John Schulian, a much-honored sportswriter for nearly forty years, takes us back to a time when our greatest athletes stood before us as human beings, not remote gods. In this compelling collection, Schulian paints prose portraits to remind fans of what today’s cloistered stars won’t share with them.
Here, Willie Mays remembers how to smile in dreaded retirement; Muhammad Ali muses about a world that was once his. For every moment of triumph—Joe Montana in the Super Bowl, Marvelous Marvin Hagler over Thomas Hearns—there is another filled with the heartache that Pete Maravich felt when he hung up his basketball shoes.
The result is a book guaranteed to stir memories for the generation that was—and to leave subsequent generations wishing they had it so good.
John Schulian’s work has been included in Best American Sports Writing and Sports Illustrated’s Fifty Years of Great Writing. His many books include The John Lardner Reader and Twilight of the Long-Ball Gods: Dispatches from the Disappearing Heart of Baseball, both available in Bison Books editions. William Nack is the author of Secretariat: The Making of a Champion and Ruffian: A Racetrack Romance.
"These pieces, and Schulian's longer profiles written for other publications around that time—such as a fine portrait of the cerebral but hard-hitting Bears safety Gary Fencik, for GQ—have traveled well and together capture an era ever worth remembering."—Alan Moores, Booklist
"If today's center fielders and point guards seem like lesser figures than men like Maravich and Charleston, that's primarily because they are so much more heavily covered but also because so much of that coverage is needlessly cruel. Without falsely inflating them or hiding their weaknesses, Mr. Schulian made one generation of athletes worthy subjects of wonder. Had Hollywood not called, you suspect, he'd have done the same for another."—Tim Marchman, Wall Street Journal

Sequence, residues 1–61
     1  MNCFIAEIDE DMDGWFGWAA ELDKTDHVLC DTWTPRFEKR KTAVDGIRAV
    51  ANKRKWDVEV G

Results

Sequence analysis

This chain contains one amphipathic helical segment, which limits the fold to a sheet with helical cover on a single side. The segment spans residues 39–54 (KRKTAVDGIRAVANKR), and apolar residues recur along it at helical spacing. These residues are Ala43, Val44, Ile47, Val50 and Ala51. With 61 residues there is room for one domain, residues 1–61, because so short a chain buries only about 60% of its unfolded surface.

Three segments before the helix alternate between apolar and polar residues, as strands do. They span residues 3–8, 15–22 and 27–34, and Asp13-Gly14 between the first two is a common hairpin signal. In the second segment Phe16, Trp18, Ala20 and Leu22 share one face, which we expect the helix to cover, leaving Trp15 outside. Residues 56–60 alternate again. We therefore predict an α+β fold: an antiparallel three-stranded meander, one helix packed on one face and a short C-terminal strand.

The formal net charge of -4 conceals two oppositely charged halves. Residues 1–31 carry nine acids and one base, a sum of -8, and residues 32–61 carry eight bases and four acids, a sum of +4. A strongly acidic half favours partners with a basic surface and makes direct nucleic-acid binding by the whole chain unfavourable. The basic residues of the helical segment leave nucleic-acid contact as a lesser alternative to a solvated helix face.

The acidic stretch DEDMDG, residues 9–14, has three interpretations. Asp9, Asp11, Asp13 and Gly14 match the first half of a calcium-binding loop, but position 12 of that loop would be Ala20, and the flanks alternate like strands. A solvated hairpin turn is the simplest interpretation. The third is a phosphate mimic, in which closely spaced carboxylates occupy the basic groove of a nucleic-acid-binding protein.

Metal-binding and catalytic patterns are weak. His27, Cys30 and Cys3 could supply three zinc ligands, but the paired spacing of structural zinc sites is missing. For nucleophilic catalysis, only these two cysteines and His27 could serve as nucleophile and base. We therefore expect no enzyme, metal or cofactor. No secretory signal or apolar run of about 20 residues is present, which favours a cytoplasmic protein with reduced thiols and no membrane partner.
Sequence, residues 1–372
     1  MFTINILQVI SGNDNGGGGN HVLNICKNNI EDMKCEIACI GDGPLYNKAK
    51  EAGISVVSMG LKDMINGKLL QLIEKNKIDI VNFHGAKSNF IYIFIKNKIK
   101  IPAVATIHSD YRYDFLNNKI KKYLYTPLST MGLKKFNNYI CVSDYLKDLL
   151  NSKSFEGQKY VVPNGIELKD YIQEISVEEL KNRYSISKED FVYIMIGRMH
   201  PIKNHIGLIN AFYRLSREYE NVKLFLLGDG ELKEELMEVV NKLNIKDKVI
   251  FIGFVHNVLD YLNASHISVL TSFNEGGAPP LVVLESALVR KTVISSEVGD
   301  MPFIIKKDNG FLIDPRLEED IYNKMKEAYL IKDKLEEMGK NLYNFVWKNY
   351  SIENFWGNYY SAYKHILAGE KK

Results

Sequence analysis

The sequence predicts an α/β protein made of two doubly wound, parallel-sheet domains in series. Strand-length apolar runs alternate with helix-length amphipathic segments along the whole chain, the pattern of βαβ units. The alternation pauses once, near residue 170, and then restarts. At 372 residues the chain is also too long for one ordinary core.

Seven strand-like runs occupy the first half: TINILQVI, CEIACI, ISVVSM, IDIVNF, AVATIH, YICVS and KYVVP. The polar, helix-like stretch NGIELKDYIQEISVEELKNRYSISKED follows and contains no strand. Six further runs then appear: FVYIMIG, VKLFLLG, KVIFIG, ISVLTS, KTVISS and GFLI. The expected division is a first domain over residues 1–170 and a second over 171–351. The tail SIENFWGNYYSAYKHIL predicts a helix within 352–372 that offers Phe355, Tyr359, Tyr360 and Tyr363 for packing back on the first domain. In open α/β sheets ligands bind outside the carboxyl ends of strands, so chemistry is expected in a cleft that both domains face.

"Whether discoursing on boxing, horse racing, tennis players or Olympic swimmers, John Schulian delivers tales replete with the elements that make fiction come alive. Readers of a certain age will experience a walk down memory lane and others will have the pleasure of meeting some of the greatest, most interesting and human sports figures they have never heard of."—Phyllis Hanlon, New York Journal of Books
"Like a pinch hitter who steps to the plate at a crucial point in the game, John Schulian rises magnificently to the occasion. . . . These essays are pungent and heartfelt and knowing. They come at you straight and strong."—Julia Keller, Chicago Tribune
"Whichever way you take the title, the book is full of fine writing. Schulian deserves to be mentioned in the same breath as some of his heroes, including the aforementioned Smith and Heinz. Thanks to University of Nebraska Press for collecting this work."—NPR's Only a Game
"Looking back through the years in sports reveals much about the culture and society in which we live. It's hard to imagine Babe Ruth getting away with his trysts in a TMZ society. Or Wilt Chamberlain saying whatever comes into his head on Twitter. This is why John Schulian's recent book, Sometimes They Even Shook Your Hand, is an intriguing look back at a time when athletes behaved a lot differently with their fan base."—Krystina Lucido, PressBox